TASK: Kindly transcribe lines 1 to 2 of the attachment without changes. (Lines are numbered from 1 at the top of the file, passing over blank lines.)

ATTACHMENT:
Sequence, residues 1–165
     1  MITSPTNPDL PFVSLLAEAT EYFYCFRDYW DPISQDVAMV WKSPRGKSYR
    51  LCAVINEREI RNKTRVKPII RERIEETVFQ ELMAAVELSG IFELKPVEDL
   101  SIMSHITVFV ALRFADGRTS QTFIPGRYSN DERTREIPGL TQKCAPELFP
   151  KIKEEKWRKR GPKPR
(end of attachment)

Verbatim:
Sequence, residues 1–165
     1  MITSPTNPDL PFVSLLAEAT EYFYCFRDYW DPISQDVAMV WKSPRGKSYR